Shakespeare finds return to their local roots

Photo: Steven Ren

Artefacts from Shakespeare’s Theatre in Shoreditch will be on display at the Hackney Museum
from May 17 to  September 15. The exhibition coincides with the World Shakespeare Festival, launched at April 23.

The display, as part of the Mapping the Change exhibition, will include finds discovered at an excavation site of Shakespeare’s first theatre in Shoreditch. These finds were discovered at the location of one of the earliest of London’s playhouses, called The Theatre, built in 1576 by James Burbage.

The location was confirmed by Museum of London Archaeology following excavations of the site in Shoreditch. The site, which was excavated in 2010, was a former warehouse on New Inn Yard.

Pottery from the 16th century, including money boxes, used to hold the theatregoers’ fee were found on the site, and as well as other assortments of pottery, original roof tiles, pipes, and drinking vessels, and Victorian domestic items including a well-used toothbrush, which are to be displayed at the exhibition.

Shakespeare wrote and performed at The Theatre from 1594 to 1597; and Romeo and Juliet was almost certainly premiered there and was written to be performed in The Theatre, as details of the stage layout in the script show.

In 1597 due to the disagreement between the Burbages and their landlord, the wooden structure was dismantled and taken south of the river to become part of The Globe theatre.

Photo: Steven Ren

Councillor Jonathan McShane, Hackney Council’s Cabinet Member for Health, Social Care and Culture said: “I’m delighted that we will display important artefacts showing Hackney’s link with Shakespeare and the arts, as far back as the 16th Century. Through Mapping the Change the Council is showing the public part of Hackney’s past while providing an insight into the 2012 Games for future generations.”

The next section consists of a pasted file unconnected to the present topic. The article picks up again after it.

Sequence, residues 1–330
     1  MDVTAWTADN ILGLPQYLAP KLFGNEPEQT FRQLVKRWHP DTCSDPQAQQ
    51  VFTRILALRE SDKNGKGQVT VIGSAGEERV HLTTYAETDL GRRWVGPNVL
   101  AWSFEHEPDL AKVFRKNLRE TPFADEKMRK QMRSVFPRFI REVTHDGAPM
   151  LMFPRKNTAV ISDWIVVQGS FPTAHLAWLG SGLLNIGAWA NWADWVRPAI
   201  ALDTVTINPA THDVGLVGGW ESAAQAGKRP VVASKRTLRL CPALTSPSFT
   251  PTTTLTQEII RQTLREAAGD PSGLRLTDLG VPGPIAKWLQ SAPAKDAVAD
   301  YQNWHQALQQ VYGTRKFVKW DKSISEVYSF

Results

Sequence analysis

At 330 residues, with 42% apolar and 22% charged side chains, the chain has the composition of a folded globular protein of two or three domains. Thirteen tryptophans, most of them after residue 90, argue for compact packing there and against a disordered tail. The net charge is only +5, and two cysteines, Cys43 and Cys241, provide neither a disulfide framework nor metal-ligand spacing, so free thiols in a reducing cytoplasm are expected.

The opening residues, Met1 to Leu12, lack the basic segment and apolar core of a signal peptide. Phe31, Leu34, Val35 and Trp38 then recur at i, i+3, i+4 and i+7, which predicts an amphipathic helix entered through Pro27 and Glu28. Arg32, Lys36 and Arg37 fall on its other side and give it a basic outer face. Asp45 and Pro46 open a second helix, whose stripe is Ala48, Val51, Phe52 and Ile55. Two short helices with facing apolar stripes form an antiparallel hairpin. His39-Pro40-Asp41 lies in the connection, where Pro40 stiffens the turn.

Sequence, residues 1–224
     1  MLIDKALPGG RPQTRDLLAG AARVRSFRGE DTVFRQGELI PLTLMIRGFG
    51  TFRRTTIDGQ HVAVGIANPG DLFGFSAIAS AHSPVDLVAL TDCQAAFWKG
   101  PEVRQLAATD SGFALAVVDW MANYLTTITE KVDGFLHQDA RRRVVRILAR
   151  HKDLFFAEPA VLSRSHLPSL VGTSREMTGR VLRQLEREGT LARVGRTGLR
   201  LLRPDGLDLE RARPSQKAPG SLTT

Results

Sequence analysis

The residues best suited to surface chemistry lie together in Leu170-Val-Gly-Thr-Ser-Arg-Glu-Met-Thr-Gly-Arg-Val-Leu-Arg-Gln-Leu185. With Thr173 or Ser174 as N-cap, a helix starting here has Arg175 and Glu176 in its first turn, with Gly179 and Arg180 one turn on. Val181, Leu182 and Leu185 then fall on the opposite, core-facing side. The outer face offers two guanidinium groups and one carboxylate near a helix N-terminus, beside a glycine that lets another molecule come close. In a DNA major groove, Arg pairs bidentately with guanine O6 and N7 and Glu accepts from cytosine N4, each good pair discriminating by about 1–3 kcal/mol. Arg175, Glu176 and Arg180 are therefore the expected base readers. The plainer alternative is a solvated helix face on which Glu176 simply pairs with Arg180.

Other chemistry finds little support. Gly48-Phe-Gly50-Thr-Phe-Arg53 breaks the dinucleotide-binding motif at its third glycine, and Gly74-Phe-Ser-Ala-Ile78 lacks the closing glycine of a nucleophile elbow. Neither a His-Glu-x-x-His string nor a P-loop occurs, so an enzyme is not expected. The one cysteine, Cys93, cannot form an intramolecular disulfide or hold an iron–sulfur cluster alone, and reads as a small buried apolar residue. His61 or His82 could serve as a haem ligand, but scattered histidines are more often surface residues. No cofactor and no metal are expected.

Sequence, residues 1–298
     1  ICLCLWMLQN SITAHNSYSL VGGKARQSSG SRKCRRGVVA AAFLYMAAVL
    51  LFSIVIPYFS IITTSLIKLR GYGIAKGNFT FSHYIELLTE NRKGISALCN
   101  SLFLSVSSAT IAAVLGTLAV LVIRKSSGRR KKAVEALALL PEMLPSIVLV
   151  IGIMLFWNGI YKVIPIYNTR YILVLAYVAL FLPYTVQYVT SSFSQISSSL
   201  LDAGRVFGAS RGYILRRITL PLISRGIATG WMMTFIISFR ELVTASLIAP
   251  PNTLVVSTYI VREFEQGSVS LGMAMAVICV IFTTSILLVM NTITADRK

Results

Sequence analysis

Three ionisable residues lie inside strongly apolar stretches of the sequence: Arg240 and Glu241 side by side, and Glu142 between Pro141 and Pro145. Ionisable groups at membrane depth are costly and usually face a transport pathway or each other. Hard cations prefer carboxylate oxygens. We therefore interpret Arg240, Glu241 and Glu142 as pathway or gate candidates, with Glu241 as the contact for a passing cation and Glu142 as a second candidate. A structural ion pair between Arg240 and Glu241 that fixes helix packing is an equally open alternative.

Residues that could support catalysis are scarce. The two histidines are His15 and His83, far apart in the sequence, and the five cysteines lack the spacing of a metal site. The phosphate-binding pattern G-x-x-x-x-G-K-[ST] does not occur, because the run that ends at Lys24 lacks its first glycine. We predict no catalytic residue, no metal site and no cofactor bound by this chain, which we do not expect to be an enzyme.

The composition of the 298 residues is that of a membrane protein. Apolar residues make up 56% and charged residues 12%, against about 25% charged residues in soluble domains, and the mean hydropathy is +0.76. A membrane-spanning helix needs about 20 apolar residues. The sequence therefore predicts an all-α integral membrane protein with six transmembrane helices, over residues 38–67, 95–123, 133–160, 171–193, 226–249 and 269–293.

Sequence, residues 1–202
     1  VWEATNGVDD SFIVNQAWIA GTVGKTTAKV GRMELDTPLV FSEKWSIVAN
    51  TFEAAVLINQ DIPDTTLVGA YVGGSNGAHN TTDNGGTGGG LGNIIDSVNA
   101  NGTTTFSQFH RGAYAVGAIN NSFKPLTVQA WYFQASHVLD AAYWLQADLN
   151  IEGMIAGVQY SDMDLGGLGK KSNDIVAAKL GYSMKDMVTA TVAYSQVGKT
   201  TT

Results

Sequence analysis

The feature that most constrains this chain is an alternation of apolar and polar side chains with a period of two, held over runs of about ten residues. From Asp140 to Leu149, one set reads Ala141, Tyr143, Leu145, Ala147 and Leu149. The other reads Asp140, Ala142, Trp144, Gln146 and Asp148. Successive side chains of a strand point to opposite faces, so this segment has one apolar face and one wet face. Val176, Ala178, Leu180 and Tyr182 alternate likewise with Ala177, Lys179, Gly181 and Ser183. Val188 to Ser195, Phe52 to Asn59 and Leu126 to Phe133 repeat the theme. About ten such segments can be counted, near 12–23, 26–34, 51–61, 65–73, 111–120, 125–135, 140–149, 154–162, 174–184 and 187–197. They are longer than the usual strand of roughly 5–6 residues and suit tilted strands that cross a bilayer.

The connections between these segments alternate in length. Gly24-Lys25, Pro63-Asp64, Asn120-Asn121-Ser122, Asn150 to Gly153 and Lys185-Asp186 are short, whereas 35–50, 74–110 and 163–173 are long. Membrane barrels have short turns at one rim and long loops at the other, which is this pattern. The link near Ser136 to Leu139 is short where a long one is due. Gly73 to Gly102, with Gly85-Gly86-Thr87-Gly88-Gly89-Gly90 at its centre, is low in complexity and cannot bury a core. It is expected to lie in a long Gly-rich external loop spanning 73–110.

Senior Archaeologist for Museum of London Archaeology, Heather Knight, said: “Shakespeare has not only helped to shape the culture of the capital, his influence is evident across the globe. Excavating the Theatre gave Museum of London Archaeology the opportunity to add to the knowledge of this extraordinary figure. It’s been a privilege for us to be involved with this exciting project and we are delighted that the finds are going to be displayed to the public at the Hackney Museum.”

The Mapping The Change exhibiton is an attempt by the Hackney Museum and Hackney Archives to record the changes to local people’s lives and creating a lasting legacy for future generations to experience and understand.

These records will be shown in a special exhibition in 2012 and will form a key part of Hackney’s Museum and Archive collections as a snapshot of a crucial period in history for Hackney, seen through the eyes of local people. The Hackney Museum is free to enter, and lets residents discover the past and present of Hackney, with exhibits and hands on activities.

Location of Hackney Museum

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Shakespeare’s Theatre in Shoreditch will be on display at the Hackney Museum

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